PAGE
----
Deadlock in combination with pthread, lwip and grpc

Christian Helmuth christian.helmuth at
Mon May 18 10:20:16 CEST 2020

Moin Sid,

On Sat, May 16, 2020 at 10:10:27 CEST, Sid Hussmann wrote:
> This does not yield any deadlock. After examining the problem for
> the last days, I'm not so sure anymore if throwing of an exception
> has any influence on the deadlock at all.

Thanks for diving into this pit, I was just clutching at this straw
but we should put this aside with your current findings.

> It is quite a challenge to really find out what the root problem of
> this is. Surely, it does not help if there is a huge library like
> gRPC involved. To eliminate any influence of gRPC, I created a
> scenario [1] that tries to boil down the problem using a combination
> of `pthread`, `lwip` and dynamic heap allocation with `std::string`.
> The scenario has one `_server_thread` that listens for new tcp
> connections and creates a connection thread for each accepted
> connection. The connection thread then allocates a `std::string`
> with 50k data, appends whatever was received and is then sent back.
> After 10 incoming sessions the threads that are done are cleaned up
> with `pthread_join()` from within the `_server_thread`. To stress
> this server, I use the same gRPC stress client [2] described in my
> last mail, since the data transferred shouldn't be relevant anyways. 
> After less than 100 connections this will result in a deadlock,
> where all the threads seem to be at a consistant state:
> Continuing and stopping the process over and over again results in
> the same backtraces of the threads. Looking at the backtraces,
> nothing seems unusual. A few are stopping, a few are reading and one
> is writing. None of the `Genode::Lock`s are pointing to the same
> address. I'm lost. Is there anything I'm missing? I start to believe
> `lwip` is the root cause here...

I'm not sure how to interpret correctly what you wrote above. Do you
think the processing is stuck completely? Did you try to ICMP ping or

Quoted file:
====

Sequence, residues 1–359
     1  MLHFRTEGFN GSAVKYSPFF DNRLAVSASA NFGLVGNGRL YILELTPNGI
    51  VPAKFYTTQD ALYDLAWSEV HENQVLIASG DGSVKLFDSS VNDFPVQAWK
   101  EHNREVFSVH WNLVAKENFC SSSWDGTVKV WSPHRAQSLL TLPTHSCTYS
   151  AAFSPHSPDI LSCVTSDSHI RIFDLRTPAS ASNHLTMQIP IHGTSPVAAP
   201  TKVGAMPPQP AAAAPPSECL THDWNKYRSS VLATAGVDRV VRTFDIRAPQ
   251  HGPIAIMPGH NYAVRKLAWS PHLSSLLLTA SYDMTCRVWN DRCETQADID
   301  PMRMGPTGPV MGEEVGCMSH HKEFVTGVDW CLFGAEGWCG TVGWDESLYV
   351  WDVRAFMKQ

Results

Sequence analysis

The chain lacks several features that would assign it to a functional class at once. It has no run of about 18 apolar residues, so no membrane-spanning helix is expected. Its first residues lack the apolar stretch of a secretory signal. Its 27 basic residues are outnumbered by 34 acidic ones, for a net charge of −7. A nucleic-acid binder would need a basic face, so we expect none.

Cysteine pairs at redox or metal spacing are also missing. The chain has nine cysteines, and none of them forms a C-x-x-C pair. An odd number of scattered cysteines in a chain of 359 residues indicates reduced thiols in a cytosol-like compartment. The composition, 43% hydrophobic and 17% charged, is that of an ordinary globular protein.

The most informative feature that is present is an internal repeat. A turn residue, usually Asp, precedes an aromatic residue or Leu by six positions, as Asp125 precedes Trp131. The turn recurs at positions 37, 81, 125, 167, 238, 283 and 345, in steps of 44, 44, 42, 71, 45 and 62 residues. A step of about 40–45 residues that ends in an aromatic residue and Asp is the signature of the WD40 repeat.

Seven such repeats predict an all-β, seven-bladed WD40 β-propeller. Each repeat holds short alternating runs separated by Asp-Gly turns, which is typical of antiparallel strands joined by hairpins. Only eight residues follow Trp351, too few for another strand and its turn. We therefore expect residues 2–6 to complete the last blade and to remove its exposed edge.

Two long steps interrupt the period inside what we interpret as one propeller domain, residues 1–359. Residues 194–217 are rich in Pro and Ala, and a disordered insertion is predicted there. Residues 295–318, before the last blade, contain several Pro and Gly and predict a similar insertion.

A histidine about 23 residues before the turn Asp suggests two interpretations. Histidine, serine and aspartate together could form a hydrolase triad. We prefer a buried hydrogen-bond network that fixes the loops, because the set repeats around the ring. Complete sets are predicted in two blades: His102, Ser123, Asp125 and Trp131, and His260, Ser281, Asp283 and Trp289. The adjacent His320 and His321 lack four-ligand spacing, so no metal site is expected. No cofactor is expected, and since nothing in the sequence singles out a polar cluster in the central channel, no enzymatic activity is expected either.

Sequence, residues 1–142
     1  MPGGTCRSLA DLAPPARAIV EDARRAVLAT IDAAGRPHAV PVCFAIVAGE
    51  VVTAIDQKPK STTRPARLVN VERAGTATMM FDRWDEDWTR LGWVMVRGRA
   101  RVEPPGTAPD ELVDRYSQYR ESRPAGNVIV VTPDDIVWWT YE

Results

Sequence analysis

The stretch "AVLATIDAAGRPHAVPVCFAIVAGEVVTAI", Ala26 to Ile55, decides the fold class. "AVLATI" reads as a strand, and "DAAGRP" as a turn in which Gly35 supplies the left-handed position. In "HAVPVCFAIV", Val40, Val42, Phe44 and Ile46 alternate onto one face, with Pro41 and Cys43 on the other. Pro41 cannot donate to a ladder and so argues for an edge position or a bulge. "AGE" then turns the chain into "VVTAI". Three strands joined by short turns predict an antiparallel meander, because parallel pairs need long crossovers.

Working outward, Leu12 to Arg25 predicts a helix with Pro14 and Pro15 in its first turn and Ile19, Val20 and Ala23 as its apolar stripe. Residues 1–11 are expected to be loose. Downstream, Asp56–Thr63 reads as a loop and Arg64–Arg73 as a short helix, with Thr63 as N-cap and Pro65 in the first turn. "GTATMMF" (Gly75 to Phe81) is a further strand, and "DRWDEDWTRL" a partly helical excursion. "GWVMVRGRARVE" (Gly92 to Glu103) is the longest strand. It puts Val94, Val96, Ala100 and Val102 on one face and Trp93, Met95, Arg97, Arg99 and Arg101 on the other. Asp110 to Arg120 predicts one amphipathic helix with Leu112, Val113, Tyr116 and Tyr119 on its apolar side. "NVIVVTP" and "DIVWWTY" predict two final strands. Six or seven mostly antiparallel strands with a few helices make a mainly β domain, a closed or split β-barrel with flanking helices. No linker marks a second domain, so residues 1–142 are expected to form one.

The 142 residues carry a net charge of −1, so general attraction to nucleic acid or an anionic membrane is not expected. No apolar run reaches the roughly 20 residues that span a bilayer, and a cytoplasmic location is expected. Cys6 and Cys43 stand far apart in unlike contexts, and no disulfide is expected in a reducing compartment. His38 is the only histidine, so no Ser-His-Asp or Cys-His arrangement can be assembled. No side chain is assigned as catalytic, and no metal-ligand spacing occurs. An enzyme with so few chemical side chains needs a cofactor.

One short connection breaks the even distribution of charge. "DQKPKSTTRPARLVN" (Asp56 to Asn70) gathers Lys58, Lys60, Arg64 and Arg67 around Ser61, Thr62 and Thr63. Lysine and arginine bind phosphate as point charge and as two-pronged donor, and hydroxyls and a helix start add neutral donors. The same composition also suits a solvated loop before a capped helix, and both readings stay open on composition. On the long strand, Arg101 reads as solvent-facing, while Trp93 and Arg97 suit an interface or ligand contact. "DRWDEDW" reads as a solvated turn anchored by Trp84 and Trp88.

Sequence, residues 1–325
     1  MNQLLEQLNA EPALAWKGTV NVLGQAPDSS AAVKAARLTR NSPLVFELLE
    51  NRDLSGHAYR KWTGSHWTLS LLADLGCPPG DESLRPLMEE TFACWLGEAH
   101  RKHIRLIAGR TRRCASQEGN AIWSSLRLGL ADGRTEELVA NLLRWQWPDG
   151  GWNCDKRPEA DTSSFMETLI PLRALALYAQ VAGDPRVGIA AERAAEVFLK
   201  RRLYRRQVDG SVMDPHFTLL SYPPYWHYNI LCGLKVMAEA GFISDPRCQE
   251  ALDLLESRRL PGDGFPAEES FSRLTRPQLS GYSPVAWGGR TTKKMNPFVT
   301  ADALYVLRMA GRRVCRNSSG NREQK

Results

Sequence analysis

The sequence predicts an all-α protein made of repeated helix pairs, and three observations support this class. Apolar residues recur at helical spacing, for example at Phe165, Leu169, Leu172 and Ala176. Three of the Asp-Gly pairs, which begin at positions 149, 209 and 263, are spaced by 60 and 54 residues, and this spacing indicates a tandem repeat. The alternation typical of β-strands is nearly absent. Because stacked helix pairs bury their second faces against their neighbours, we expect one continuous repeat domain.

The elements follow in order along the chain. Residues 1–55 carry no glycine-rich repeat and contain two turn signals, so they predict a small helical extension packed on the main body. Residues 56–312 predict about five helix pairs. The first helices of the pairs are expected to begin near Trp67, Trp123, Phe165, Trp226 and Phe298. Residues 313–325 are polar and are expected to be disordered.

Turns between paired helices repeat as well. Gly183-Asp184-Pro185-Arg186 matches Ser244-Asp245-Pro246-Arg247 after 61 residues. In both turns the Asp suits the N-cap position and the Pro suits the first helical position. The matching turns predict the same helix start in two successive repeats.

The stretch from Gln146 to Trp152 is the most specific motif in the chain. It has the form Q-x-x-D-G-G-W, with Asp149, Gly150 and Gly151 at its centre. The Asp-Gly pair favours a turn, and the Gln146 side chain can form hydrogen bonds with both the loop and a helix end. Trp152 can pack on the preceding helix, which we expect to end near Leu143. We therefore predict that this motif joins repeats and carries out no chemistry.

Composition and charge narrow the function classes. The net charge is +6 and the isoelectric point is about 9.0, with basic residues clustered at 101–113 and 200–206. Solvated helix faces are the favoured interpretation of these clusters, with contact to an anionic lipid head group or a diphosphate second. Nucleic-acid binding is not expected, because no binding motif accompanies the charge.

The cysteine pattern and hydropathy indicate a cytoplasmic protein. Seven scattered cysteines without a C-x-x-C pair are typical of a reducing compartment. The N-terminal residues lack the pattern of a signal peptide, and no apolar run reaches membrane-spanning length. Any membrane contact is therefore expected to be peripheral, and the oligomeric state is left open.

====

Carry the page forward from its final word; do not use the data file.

forced ARP requests with the lwip instance?

>From the backtraces I extracted the following picture.

- The initial thread, the entrypoint and the signal-handler thread are
  in normal state and ready for serving incoming I/O signals to the
  IP stack or the libc.

- Thread 10, 11, and 12 are suspended in read(), which means there was
  no data available for reading on the call to LWIP read. This could
  be expected, but should not hold for long if I understand your
  stress test correctly.

- Thread 8 suspends in write(), which could only happen on an
  insufficient-buffer condition. The question is: Does it leave this
  state if LWIP pbufs are freed for this operation?

To narrowing down the issue further (and I also suspect lwip to be the
culprit), you may to add another I/O-signal source to your test, for
example a low-periodic wakeup of the entrypoint for a diagnostic log
message. If this works (as expected) the entrypoint may itself use
some LWIP related function like nonblocking send or recv or even
socket creation/destruction.

It's a pity that the most important information is hidden in the LWIP
data structures like: Is there pbuf memory pressure? How long are the
send queues? Are there incoming packets? Do ARP and ICMP still work?

Christian Helmuth
Genode Labs · · /ˈdʒiː.nəʊd/

Genode Labs GmbH · Amtsgericht Dresden · HRB 28424 · Sitz Dresden
Geschäftsführer: Dr.-Ing. Norman Feske, Christian Helmuth

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